What you won’t like

No online multiplayer in a game that thrives on competition

This is Crawl’s Achilles’ heel: Its multiplayer is couch co-op only, on a single machine. It is so fun playing with other people — one person can use the keyboard, another the mouse, and the rest game controllers — that many of the threads about this game in its Steam forum were at one time or another dominated by the discussion of why it doesn’t have online play. Those discussions continue despite a permanently pinned post addressing it.

Dave Lloyd, the game’s programmer at Melbourne, Australia-based Powerhoof, says they hope to add online multiplayer while the game is still in Early Access. It’s clear their players hope they can overcome the technical difficulties that would pose.

Room designs are (at this stage) plain

Most of the environments at this point are a little simple — straightforward rooms with some bits of repetitive, destructible furniture; traps and pentagrams for the ghost opponents to inhabit; and doors leading to the next room.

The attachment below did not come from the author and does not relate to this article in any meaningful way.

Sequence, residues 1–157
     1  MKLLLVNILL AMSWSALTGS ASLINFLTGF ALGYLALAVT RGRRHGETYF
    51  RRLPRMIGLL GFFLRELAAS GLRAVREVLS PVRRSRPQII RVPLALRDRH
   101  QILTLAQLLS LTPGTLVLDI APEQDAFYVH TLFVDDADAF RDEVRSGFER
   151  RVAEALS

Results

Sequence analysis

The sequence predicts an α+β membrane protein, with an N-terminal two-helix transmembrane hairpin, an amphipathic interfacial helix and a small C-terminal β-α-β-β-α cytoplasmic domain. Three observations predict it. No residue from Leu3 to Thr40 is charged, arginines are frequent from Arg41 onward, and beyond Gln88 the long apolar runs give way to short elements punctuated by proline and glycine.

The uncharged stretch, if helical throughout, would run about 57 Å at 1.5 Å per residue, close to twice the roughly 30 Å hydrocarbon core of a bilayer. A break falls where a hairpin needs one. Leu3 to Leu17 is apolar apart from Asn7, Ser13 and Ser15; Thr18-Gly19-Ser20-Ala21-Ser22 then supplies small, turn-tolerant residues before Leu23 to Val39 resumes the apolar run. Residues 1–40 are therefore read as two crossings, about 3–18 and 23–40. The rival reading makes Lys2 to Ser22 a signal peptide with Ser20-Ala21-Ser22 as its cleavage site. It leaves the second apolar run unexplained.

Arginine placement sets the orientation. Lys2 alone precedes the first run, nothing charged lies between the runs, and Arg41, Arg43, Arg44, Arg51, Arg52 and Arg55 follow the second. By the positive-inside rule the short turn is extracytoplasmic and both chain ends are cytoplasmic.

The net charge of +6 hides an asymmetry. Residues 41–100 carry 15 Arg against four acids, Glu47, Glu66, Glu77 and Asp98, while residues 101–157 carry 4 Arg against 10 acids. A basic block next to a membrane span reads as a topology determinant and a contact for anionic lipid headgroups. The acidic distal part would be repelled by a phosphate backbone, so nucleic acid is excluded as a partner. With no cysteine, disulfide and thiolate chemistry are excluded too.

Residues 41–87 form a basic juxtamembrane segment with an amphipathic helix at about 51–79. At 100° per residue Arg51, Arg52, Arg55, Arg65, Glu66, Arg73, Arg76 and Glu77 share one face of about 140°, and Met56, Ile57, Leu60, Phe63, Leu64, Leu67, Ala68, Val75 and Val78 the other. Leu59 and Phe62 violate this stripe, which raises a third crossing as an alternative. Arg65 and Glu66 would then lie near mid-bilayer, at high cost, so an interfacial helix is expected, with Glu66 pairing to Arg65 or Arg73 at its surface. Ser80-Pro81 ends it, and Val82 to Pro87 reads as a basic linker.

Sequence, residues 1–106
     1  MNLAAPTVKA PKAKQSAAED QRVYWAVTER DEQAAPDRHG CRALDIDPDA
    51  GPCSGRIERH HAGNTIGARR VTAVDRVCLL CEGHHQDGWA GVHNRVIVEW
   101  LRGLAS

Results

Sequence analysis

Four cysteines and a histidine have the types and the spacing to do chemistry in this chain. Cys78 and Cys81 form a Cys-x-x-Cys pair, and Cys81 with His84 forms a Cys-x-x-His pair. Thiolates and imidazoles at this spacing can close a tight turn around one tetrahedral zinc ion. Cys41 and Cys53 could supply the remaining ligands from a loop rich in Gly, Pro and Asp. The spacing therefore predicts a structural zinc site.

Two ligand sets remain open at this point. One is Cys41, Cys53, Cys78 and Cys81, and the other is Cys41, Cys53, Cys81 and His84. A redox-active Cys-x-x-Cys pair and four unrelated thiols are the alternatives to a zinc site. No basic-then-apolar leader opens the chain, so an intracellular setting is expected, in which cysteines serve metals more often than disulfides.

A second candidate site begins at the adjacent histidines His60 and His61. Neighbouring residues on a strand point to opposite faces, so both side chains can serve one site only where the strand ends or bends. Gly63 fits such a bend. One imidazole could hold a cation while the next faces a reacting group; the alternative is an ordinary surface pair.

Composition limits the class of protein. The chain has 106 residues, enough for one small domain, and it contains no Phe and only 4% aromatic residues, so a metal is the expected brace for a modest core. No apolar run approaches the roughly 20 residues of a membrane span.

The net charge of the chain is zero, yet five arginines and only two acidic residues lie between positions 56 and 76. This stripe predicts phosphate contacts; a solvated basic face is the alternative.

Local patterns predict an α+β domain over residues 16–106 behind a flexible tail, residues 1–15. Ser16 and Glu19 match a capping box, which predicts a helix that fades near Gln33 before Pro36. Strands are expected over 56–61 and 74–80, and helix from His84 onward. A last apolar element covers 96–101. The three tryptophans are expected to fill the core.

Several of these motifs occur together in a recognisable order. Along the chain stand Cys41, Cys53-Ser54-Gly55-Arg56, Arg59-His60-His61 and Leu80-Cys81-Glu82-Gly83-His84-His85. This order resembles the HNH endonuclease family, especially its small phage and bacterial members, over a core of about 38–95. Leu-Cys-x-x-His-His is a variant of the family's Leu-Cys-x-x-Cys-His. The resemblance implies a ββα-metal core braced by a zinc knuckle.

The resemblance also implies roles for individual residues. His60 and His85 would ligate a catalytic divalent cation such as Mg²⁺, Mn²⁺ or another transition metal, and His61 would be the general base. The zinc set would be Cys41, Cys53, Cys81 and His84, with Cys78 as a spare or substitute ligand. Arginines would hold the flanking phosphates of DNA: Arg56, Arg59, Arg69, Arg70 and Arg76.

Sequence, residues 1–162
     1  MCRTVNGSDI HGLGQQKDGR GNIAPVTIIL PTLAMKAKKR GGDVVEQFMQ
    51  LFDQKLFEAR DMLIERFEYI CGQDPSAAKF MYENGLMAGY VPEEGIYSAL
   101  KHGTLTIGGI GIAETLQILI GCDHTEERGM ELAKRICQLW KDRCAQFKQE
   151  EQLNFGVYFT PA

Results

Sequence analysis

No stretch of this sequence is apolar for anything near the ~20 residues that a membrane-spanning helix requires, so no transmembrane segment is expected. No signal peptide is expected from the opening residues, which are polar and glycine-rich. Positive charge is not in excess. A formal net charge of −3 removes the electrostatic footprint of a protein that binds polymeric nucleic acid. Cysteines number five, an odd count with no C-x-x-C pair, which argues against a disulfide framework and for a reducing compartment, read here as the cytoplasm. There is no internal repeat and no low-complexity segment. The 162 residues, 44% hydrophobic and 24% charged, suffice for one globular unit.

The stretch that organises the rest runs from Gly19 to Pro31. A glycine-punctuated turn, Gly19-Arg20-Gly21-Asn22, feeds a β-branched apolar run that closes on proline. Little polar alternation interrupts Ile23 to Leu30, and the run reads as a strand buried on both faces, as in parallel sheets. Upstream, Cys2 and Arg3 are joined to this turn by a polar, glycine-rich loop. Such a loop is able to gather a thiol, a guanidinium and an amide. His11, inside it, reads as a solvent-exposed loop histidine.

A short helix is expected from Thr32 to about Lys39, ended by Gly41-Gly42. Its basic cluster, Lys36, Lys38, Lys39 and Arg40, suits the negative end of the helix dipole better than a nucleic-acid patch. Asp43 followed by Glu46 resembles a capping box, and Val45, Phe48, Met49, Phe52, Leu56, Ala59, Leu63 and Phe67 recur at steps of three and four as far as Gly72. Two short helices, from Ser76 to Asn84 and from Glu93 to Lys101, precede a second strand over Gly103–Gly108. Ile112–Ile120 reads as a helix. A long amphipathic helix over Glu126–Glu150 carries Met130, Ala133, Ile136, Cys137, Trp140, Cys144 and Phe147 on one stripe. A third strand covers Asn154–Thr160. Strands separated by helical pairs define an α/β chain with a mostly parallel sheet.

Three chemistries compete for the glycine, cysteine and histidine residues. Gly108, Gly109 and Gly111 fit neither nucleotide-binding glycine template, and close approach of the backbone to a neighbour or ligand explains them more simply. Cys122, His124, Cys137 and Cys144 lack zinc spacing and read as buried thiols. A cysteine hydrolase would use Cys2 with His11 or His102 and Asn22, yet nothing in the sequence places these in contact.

The developers have said they expect to add more monsters, more weapons, more abilities, and more environments as the game moves through Early Access, but for now, the focus is definitely on the gameplay, not where it takes place.

Conclusion

Crawl is a lovingly retro arcade crawler that will instantly appeal to gamers who remember pumping quarters into games that were just like this (but not as intelligent).

The variety of weapons, monster evolutions, and abilities mean good replay value even though floors and the time to end bosses are quick.

The lack of online multiplayer for a game that is at its most fun when you know who’s pummeling you is unfortunate, and it’s not surprising Powerhoof is trying to build it in. But in the meantime, Crawl gives you a truly fun reason to seek out some people to huddle around your Linux, Mac or Windows PC.